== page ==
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Dogs’ brains are not hardwired to respond to human faces, study reveals

While humans use faces as a visual communication, they do not have a special status in the dog brain, a new study reveals

Researchers found that our furry friends’ brains are not hardwired to focus on human faces, but respond with more excitement when an animal of the same species is in view.

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Using an MRI machine, the team monitor brain activity in both humans and dogs as they watched two-second videos that displayed dog and human faces and the backs of heads.

The results from the animals showed that no part of their brains responded more to faces, but researchers note that the reason dogs pay attention to human faces is because they evolved to depend on their owners.

 

Researchers found that our furry friends’ brains are not hardwired to focus on human faces, but respond with more excitement when an animal of the same species is in view. Researchers say that while humans uses faces as a visual communication, they do not have a special status in the dog brain

The study was conducted by a team of Hungary- and Mexico-based researchers, who worked together to compare how dog and human brains process visual information.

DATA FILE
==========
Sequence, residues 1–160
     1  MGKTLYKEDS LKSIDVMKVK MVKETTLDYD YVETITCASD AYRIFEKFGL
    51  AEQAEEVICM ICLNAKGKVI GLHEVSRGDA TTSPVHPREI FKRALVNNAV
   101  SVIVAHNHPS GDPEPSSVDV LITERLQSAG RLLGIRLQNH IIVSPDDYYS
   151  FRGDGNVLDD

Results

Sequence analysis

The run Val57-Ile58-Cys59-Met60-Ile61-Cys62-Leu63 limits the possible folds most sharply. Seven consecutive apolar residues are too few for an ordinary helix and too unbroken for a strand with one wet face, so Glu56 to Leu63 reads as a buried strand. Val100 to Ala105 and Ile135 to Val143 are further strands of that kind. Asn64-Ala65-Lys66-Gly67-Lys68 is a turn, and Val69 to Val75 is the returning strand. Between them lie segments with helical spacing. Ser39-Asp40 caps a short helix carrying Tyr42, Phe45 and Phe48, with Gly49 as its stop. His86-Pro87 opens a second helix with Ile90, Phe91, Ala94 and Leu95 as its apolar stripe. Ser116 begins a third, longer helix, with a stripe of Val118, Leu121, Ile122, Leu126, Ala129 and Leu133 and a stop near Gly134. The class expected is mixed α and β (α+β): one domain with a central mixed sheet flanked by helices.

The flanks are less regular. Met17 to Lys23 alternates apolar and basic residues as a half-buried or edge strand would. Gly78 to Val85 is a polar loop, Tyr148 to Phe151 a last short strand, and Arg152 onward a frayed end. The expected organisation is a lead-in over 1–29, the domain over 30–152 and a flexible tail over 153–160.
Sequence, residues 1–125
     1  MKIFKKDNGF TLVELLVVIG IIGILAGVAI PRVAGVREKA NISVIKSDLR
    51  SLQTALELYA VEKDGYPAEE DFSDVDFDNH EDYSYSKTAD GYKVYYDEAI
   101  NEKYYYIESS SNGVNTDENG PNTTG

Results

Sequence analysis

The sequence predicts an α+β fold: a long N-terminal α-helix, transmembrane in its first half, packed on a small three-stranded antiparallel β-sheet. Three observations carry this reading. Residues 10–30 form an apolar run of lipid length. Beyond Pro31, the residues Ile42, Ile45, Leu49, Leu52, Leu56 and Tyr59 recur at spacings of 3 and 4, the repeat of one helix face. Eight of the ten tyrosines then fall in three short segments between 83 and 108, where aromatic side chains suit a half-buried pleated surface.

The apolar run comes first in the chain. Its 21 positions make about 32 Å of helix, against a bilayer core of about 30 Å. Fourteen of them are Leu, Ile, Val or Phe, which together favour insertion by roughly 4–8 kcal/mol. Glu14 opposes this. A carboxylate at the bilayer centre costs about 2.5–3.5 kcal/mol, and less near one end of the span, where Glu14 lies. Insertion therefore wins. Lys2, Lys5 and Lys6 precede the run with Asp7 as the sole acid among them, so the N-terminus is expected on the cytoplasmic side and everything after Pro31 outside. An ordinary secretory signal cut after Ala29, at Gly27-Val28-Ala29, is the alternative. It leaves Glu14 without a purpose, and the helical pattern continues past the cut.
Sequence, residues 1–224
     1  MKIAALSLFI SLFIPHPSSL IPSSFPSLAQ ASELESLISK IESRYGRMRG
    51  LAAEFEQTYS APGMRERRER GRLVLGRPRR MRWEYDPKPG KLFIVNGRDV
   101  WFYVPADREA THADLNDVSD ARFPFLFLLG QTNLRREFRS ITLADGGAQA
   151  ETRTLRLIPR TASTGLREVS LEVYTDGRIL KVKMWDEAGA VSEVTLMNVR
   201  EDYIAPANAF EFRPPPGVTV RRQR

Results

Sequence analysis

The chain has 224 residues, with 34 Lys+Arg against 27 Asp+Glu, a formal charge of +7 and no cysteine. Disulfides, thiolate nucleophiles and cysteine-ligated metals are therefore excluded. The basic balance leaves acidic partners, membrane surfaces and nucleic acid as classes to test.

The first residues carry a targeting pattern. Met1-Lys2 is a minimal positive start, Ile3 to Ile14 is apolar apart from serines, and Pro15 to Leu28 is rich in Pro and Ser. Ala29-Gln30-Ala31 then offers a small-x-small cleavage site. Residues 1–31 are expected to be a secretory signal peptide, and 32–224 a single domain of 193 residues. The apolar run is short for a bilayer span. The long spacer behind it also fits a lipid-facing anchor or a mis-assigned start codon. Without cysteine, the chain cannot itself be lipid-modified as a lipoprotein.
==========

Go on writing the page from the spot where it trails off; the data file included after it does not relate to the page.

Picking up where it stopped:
Attila Andics, who led the study at Eotvos Lorand university in Budapest, told AFP: ‘The brain imaging findings in the study suggest that faces may be of crucial importance to humans and probably other primates, but not to all mammals, for example not for dogs.’ 

‘The two species differ in their visual communication and this is reflected in their brains.’

Andics told CNBC that the dogs went through months of extensive training on how to not move while inside the MRI scanner. 

The study was conducted by a team of Hungary- and Mexico-based researchers, who worked together to compare how dog and human brains process visual information

The study was conducted by a team of Hungary- and Mexico-based researchers, who worked together to compare how dog and human brains process visual information